I’m just beginning work on my 11th book, tentatively called An Atlas of Birds. Organized a bit like a geographic atlas, it will feature birds from each of nine biogeographical regions of the world. (although some say there are anywhere from six to twelve major biogeographical regions.) The goal is to choose 35 or so birds representative of each region. I thought, OK, easy enough. It’s not.
What 35 birds would you choose to represent North America (Nearctic region), for instance? All birds aren’t found in every country and state or province. Should only permanent residents be counted? What about migrants? And what about the breadth of geographic distribution and commonness? The Bald Eagle, Red-winged Blackbird and American Robin are characteristic and ubiquitous over the continent but what about the well-known Baltimore Oriole, not found in the far west? Or the Roadrunner, restricted to the southwestern U.S.?
State birds seems like a good list to start with. Alabama has the Northern Flicker, Arkansas, Florida, Texas, Tennessee, and Mississippi the Northern Mockingbird, and several have adopted the Northern Cardinal. I’m not going to include the Delaware Blue Hen, but should I consider the Willow Ptarmigan, state bird of Alaska but restricted to the far north? The Hawaiian Goose or Nene? Or the relatively rare Lark Bunting of Colorado?
I should probably consider the well-known Common Loon even though it breeds mainly in the sparsely populated northern climes of the continent and winters on the ocean coasts. What about Brown and White Pelicans? Should I include both?
See my quandry? One of the considerations I have is to write a short and interesting essay on each of these birds. Roadrunners and loons lend themselves to interesting stories, robins and grackles less so. Should the fascinating but uncommon Phainopepla or Townsend’s Solitaire be included but not the much more common Mourning Dove? I’m struggling to come up with criteria to choose species to write about.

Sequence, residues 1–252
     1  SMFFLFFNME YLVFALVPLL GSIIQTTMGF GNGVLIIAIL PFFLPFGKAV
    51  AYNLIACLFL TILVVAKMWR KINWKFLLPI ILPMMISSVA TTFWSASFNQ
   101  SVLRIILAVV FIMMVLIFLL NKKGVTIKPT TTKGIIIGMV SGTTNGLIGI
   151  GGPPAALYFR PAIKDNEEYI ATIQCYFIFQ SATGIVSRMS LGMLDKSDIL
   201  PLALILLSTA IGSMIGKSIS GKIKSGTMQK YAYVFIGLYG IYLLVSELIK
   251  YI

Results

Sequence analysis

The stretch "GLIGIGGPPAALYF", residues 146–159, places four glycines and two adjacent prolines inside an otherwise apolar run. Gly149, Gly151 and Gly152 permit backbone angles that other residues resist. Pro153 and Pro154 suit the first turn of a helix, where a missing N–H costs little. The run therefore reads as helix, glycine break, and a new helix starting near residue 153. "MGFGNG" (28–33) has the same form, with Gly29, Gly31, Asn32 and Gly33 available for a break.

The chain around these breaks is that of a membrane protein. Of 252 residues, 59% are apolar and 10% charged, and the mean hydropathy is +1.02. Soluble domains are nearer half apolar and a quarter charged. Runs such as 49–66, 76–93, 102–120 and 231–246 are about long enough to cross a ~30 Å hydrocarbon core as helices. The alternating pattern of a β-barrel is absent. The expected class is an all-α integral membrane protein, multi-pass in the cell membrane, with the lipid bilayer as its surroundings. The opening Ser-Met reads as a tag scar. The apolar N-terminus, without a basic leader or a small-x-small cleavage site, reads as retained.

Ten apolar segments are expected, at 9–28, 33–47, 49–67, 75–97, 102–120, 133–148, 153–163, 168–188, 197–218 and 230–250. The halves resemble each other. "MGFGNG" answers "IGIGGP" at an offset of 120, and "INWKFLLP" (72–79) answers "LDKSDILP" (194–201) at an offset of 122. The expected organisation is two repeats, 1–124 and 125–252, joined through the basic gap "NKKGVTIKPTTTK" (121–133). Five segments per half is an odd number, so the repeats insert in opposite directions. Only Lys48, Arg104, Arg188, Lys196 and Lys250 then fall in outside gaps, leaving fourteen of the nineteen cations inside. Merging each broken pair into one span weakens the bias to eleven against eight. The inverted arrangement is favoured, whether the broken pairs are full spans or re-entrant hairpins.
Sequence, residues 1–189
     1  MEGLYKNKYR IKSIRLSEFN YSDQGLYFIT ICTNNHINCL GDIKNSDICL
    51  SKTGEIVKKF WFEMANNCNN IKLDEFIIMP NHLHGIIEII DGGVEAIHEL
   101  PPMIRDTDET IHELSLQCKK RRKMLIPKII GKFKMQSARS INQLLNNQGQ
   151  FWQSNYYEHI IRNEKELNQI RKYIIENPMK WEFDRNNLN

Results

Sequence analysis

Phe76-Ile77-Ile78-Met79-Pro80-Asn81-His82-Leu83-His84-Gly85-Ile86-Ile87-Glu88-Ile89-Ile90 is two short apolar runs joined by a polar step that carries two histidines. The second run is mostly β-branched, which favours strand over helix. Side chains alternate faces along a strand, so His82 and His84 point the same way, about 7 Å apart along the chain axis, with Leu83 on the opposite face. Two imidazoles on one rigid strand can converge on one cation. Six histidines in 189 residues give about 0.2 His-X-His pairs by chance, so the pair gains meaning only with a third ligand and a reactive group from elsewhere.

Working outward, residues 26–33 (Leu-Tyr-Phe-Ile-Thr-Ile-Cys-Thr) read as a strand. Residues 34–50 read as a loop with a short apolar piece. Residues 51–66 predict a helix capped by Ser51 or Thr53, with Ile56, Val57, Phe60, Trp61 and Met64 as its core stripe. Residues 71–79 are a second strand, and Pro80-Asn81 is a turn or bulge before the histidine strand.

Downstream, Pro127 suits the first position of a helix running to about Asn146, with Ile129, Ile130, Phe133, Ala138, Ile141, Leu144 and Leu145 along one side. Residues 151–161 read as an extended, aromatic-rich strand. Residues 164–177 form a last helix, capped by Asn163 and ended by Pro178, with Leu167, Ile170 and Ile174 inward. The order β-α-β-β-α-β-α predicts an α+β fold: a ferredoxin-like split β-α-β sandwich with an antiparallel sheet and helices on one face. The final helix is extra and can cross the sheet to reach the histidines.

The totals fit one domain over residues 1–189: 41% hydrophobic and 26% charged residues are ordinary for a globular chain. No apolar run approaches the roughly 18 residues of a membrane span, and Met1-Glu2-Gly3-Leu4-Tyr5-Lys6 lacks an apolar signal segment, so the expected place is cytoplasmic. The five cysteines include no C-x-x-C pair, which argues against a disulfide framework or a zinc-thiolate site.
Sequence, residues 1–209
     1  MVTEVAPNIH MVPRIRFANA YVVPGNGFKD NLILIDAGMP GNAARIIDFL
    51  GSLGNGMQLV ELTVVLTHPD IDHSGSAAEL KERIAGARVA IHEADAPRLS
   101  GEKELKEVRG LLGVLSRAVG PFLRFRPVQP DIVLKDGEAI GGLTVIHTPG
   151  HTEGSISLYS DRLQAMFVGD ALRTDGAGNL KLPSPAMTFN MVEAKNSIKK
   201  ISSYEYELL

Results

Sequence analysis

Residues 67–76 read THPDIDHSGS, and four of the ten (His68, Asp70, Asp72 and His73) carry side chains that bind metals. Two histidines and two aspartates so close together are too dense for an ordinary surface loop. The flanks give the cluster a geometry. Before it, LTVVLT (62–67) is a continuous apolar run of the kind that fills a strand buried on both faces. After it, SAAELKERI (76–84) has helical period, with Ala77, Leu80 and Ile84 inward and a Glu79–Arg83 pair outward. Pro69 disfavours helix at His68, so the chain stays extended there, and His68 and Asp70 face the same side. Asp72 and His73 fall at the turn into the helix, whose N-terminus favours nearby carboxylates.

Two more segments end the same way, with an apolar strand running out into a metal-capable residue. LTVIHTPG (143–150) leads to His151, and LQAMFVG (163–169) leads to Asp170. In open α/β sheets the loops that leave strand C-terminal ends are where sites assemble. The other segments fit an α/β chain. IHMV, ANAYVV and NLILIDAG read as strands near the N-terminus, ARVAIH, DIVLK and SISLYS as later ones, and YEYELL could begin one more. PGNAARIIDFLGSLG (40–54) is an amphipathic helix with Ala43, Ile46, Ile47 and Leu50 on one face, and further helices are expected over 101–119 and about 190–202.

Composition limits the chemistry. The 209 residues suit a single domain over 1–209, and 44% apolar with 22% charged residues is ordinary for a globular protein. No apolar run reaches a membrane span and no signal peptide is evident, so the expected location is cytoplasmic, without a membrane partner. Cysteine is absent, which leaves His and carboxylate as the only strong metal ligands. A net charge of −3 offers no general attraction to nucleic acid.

To make the assignment even more challenging, I have to come up with a similar list for each of the other biogeographical realms around the world. What about those birds found nearly worldwide like the Osprey, Peregrine Falcon and Barn Owl or the Barn Swallow that breeds in most of the northern parts of the world and winters in the southern? Choosing 35 species out of 60 in the Antarctic seems doable but condensing 3,431 neotropical species down to a characteristic one percent of the continent is a daunting task.
So I offer you readers a challenge. Come up with a list of 35 birds from any (or all) of the nine biogeographical regions (Western Palearctic, Eastern Palearctic, Nearctic, Neotropical, Afrotropical, Indo Malayan, Australian, Oceania, and Antarctica) and explain your reasoning for your choices.
If I substantially accept your list, as thanks I will put your name in the acknowledgements section of the book and send you a free copy when it is published, in about a year. This is your chance to break into the world of ornithological publishing, as modest as it might be. Seriously, I would appreciate your input.